3 Lessons We Can Learn To Fight Stigma And Become A Powerful Voice

demiFrom My Files Friday: Three lessons we could learn from the LGBT Community. 

Mental health advocates can learn how to fight stigma and influence legislation by studying the LGBT Community.  Recently, The Washington Post published an editorial by immigration activist Frank Sharry that  explained how LGBT activists had given underdogs a blueprint for successfully changing public opinion.

We learned three crucial lessons from LGBT activists: We had to build a movement. We couldn’t be afraid to challenge our friends in power. And we had to give our cause a human face.

Let’s start with Sharry’s first point: building a movement.

We can’t build a national movement until we think beyond our own mental health silos and form a coalition. Reforming our fractured mental health care system requires us to demand more than traditional medical services. We need affordable housing, jobs, veterans’ assistance, drug and alcohol treatment programs, accessible transportation, jail diversion, alternative treatments, and hope.

Our cause has to be embraced by more than traditional mental health groups, such as the National Alliance on Mental Illness and Mental Health America, or stigma-fighters such as BringChange2Mind.  Mental health has to become a national priority — not only for the American Psychiatric Association — but for the American Medical Association and dozens of other organizations that are impacted by mental health. That includes such stakeholders as the American Corrections Association, the National Sheriff’s Association, the National Education Association, and groups such as the AARP. All of them need to be brought under an umbrella. This shouldn’t be our problem. It should be everyone’s challenge.

Lesson two.

LGBT advocates showed us that the way to build power is by leveraging your competitive advantage. If money and votes are the currency of politics, their strength was in the former. LGBT contributors gave generously to political candidates and won themselves a seat at the table.

We need to buy our “seat at the table.”

I often hear people say that mental health advocates don’t have any money. That’s nonsense. Millions are given each year to mental health groups. Unfortunately, many of these huge gifts are doled out to individual, often competing groups each with their own narrow focus. What we need is a national mental health political action committee working politically for the good of all of us. Donating funds for research is noble, but in my myopic view, research should be financed by the National Institutes of Mental Health, SAMHSA and Big Pharma.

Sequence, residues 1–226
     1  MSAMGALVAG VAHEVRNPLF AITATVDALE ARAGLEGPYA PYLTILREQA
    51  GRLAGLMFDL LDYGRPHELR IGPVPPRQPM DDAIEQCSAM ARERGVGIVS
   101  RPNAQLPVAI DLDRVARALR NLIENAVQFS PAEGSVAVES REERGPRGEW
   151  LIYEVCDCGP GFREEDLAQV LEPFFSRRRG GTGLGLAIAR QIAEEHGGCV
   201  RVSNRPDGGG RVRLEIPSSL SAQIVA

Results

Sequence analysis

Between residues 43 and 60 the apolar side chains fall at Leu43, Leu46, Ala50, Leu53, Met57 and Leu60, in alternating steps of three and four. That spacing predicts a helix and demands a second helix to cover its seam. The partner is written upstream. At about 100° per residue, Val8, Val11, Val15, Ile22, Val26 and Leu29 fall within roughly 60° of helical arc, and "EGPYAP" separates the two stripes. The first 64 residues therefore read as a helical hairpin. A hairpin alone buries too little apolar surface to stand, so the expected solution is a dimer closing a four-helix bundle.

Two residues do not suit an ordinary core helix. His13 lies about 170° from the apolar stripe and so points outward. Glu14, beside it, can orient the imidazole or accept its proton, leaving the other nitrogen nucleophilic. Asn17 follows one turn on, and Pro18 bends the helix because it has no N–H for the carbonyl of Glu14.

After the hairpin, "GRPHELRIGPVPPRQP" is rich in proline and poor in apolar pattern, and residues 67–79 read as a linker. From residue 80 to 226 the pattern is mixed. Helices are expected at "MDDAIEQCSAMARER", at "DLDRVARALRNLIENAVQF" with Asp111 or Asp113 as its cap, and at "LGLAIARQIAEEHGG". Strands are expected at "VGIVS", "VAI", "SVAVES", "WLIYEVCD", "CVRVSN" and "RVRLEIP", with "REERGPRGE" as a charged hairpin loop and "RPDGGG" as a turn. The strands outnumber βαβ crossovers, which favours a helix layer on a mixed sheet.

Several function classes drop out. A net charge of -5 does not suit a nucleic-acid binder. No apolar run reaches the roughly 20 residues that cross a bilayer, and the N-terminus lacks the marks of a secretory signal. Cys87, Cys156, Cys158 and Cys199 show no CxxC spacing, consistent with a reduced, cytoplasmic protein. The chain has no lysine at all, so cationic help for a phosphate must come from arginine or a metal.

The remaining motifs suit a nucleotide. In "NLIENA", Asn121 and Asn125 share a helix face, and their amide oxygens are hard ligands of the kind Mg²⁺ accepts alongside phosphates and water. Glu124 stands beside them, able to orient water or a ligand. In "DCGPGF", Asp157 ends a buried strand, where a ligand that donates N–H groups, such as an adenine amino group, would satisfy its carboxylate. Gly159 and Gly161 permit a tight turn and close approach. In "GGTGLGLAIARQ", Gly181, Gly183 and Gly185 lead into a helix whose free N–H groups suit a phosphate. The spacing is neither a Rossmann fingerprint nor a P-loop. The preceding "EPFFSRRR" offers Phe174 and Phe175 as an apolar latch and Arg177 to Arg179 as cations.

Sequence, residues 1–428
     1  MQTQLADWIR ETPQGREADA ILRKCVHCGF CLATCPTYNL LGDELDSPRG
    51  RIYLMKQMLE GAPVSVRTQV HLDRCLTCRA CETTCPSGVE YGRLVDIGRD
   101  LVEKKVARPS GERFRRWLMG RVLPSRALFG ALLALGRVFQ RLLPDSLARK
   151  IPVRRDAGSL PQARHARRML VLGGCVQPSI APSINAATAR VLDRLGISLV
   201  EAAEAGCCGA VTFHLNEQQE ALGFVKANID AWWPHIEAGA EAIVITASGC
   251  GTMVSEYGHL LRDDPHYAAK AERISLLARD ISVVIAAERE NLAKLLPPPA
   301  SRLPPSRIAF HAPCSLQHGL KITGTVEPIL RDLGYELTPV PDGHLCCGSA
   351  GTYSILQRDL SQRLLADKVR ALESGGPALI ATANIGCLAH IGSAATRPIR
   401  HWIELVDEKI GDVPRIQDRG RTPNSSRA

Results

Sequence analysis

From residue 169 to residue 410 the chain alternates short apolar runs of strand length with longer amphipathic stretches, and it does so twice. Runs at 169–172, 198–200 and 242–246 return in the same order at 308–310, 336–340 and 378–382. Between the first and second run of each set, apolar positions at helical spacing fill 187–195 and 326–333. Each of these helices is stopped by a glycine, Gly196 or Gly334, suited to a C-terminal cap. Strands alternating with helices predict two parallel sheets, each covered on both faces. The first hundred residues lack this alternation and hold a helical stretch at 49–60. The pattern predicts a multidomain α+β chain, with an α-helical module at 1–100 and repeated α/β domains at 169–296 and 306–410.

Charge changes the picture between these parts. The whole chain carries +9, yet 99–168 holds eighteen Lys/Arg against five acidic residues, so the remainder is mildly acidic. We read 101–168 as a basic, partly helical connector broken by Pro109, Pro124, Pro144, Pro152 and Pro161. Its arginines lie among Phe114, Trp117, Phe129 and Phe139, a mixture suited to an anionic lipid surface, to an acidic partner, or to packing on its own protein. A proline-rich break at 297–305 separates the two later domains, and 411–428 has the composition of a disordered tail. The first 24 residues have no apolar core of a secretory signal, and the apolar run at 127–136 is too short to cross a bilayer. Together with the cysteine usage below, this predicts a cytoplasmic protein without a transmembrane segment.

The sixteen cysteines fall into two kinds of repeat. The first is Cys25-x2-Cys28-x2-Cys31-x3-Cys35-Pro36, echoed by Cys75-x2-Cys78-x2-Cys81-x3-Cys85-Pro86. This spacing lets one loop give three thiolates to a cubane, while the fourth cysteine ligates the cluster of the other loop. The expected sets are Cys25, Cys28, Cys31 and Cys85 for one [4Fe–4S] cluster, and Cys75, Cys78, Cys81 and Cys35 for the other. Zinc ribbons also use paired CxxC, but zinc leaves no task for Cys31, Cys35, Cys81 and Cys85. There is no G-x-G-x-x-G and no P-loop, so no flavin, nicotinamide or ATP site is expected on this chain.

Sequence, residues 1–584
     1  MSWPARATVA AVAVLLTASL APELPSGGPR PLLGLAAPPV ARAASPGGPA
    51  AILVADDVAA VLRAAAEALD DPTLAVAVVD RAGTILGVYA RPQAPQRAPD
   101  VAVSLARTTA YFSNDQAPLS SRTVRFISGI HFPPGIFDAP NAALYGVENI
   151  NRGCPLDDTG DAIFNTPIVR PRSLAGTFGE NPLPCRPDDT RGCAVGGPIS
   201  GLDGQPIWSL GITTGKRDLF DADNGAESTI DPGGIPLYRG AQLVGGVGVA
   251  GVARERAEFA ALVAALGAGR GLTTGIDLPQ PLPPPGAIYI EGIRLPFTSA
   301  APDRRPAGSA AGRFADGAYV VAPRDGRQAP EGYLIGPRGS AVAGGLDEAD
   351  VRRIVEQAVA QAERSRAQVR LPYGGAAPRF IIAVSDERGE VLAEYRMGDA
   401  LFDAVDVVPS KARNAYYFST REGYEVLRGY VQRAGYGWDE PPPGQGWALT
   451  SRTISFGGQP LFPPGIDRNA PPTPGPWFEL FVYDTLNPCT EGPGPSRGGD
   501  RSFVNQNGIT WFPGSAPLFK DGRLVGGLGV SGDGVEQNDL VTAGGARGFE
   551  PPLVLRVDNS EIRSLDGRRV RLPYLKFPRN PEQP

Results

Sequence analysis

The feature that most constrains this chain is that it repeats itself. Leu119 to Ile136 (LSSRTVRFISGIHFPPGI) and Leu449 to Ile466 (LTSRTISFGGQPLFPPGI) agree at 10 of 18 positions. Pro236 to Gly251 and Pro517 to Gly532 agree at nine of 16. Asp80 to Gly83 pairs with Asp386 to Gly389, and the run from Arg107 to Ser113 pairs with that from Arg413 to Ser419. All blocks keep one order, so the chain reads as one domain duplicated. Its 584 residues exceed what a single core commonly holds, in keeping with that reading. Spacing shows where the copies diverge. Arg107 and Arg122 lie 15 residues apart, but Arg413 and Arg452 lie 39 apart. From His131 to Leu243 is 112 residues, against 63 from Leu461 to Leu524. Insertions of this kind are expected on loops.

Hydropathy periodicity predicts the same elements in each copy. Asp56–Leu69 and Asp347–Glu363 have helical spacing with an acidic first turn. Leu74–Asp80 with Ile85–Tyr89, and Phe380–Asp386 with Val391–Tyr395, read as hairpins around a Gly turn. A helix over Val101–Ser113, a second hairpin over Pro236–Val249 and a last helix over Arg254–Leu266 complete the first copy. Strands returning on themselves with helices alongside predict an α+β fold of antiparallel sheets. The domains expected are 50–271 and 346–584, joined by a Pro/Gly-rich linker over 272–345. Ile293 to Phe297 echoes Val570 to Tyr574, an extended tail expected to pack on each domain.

In addition to money, we need to flex our muscles through influence. We like to claim that one- in- four Americans experience a mental disorder in any given year. If true, then one-in-four of our nation’s most influential and wealthy struggle with mental disorders. We need to mobilize and begin using those powerful and wealthy sources to influence local, state and national elections. One reason why mental health parity was passed was because many of the politicians who endorsed it had family members with mental illnesses. We should remember that!

I dream of a day when presidential candidates will value the support of the mental health community enough to attend a NAMI or MHA national convention. Part of successfully raising money and buying our seat requires us to twist arms of our wealthiest and most influential. Another way is to broader our political base to include groups that have more clout (See point 1) and get them to join us in demanding legislative action.

Step Three.

The final lesson our (immigration) movement learned from the LGBT community may have been the most important. Gays and lesbians have created a monumental shift in American culture. They did it, first and foremost, by coming out to family and friends. They did it by infusing popular culture with popular characters, from Ellen to Will to Mitch and Cam. They did it by being brave and loud, out and proud.

Does that lesson apply to the mental health community as well?

It should. There should be no shame in having a mental disorder, only in not helping someone who does. Hollywood television shows and movies such as HOMELAND and the SILVER LINING PLAYBOOK are finally getting us away from the old, stigmatizing PSYCHO stereotypes. We must keep moving in that positive direction by putting a realistic face on mental illness and our families. And by complaining loudly when shows such as MODERN FAMILY continually present negative stereotypes. Boycott anyone?

Having a Glenn Close, Terry Bradshaw and a Demi Lovato on our side helps eliminate stigma.

But while rallying celebrities is helpful, the real power comes from us telling our individual stories — everyday people. A few years ago, I looked at the state’s mental health budget here in Virginia. Much of the spending went for services for persons with intellectual disabilities. One reason why is because the parents of children with intellectual disabilities were vocal, organized and fight hard. They called their legislators. They demanded services and equality. They were not embarrassed or timid. 

Too often we let stigma keep us in the shadows when we should be equally as vocal.

Look how the LGTG community changed public perception.


About the author:

Pete Earley is the bestselling author of such books as The Hot House and Crazy. When he is not spending time with his family, he tours the globe advocating for mental health reform.

Learn more about Pete.